Howard University is opening a campus at the Google’s headquarters in Mountain View, California this summer so that the HBCU’s computer science students can have the opportunity to study and learn in Silicon Valley. They are going to call it Howard West.
Google announced today that Howard University will open a campus at the Googleplex in Mountain View in an article written by the company’s VP of Global Partnerships, Bonita Stewart (a graduate of Howard)
“Howard happens to be my alma mater, so I am especially proud to share that our formal recruiting from the university has evolved into a residency for Black CS majors right here at the Googleplex,” Stewart stated. “‘Howard West’ is now the centerpiece of Google’s effort to recruit more Black software engineers from Historically Black Colleges and Universities (HBCUs)—and to make them feel right at home here in Mountain View.”
According to the Google the plan is to start with Howard and then include students from other HBCUs in the future,
“Rising juniors and seniors in Howard’s computer science (CS) program can attend Howard West, for three months at a time. Senior Google engineers and Howard faculty will serve as instructors. The program kicks off this summer and we plan to scale it to accommodate students from other HBCUs in the near future.”
“HBCUs are a pillar in the CS education community, producing more than a third of all Black CS graduates in the U.S. Google already has a strong partnership with Howard through Google in Residence (GIR), a program that embeds Google engineers as faculty at Howard and other HBCUs. “
According to Google’s latest diversity report, Black employees make up only 2 percent of its workforce, compared with 59 percent for white and 32 percent Asian. With Howard West, they are attempting to remedy this.
“Through [Google in Residence] we’ve learned a lot about the hurdles Black students face in acquiring full-time work in the tech industry. The lack of exposure, access to mentors and role models are critical gaps that Howard West will solve. We’ve also heard that many CS students struggle to find the time to practice coding while juggling a full course load and part-time jobs. Left unchecked, systematic barriers lead to low engagement and enrollment in CS, low retention in CS programs and a lack of proximity and strong relationships between Silicon Valley, HBCUs and the larger African American Community.”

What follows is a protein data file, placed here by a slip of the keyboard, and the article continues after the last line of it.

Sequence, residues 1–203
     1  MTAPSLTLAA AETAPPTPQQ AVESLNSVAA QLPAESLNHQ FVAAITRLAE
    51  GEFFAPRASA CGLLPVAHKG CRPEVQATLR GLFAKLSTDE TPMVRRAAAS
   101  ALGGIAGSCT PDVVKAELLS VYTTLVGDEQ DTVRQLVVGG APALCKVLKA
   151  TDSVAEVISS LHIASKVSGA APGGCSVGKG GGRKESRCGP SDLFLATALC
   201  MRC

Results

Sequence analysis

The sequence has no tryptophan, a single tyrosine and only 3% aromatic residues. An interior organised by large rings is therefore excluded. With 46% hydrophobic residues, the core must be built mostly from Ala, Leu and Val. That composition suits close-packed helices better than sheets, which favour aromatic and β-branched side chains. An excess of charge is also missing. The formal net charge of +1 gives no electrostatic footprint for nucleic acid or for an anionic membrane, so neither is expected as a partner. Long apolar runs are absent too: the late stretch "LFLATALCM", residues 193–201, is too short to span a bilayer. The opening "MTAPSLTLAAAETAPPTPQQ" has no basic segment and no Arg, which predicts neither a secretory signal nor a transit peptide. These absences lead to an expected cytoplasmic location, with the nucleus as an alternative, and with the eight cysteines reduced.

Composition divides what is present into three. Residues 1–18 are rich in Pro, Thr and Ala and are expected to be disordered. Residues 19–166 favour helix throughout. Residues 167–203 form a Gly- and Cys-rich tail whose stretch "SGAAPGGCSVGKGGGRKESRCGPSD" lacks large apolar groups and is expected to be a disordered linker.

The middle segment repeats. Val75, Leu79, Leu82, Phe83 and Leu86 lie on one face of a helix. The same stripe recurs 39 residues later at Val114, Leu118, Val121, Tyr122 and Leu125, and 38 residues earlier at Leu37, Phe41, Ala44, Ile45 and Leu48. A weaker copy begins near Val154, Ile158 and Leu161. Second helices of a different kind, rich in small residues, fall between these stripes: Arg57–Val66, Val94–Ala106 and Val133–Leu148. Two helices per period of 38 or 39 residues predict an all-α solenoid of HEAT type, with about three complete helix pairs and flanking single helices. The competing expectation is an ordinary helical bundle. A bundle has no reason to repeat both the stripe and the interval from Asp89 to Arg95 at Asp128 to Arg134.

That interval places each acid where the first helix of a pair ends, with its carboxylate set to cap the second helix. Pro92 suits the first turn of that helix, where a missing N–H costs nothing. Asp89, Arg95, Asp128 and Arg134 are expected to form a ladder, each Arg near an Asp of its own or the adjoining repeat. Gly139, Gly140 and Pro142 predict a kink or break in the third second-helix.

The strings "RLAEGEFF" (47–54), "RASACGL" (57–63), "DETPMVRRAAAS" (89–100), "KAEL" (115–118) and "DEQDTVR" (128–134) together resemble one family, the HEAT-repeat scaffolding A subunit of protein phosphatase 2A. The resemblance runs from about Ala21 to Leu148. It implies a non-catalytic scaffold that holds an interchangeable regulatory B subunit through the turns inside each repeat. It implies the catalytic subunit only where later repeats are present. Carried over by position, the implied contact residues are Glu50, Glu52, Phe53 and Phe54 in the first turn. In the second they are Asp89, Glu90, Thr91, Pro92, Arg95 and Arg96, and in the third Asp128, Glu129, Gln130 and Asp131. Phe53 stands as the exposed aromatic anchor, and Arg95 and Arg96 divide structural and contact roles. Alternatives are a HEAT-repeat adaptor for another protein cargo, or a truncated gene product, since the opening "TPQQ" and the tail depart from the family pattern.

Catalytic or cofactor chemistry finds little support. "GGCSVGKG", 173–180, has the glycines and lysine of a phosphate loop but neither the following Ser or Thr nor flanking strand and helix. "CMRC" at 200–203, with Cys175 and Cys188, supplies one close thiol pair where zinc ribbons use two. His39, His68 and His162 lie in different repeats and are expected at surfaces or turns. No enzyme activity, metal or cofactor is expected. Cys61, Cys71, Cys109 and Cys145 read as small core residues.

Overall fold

Dr. Wayne Frederick, the President of Howard University also opened up about this giant leap forward for the university.
“Howard West will produce hundreds of industry-ready Black computer science graduates, future leaders with the power to transform the global technology space into a stronger, more accurate reflection of the world around us. We envisioned this program with bold outcomes in mind—to advance a strategy that leverages Howard’s high quality faculty and Google’s expertise, while also rallying the tech industry and other thought leaders around the importance of diversity in business and the communities they serve.”
Students will be studying while on campus and interacting with Google staff who will be their teachers but it was not stated if Howard West will offer students special access to job or internship opportunities with Google.
One thing we do know is that this being a student in the Howard West cohort will be a major opportunity for these students and the future of African Americans in tech.
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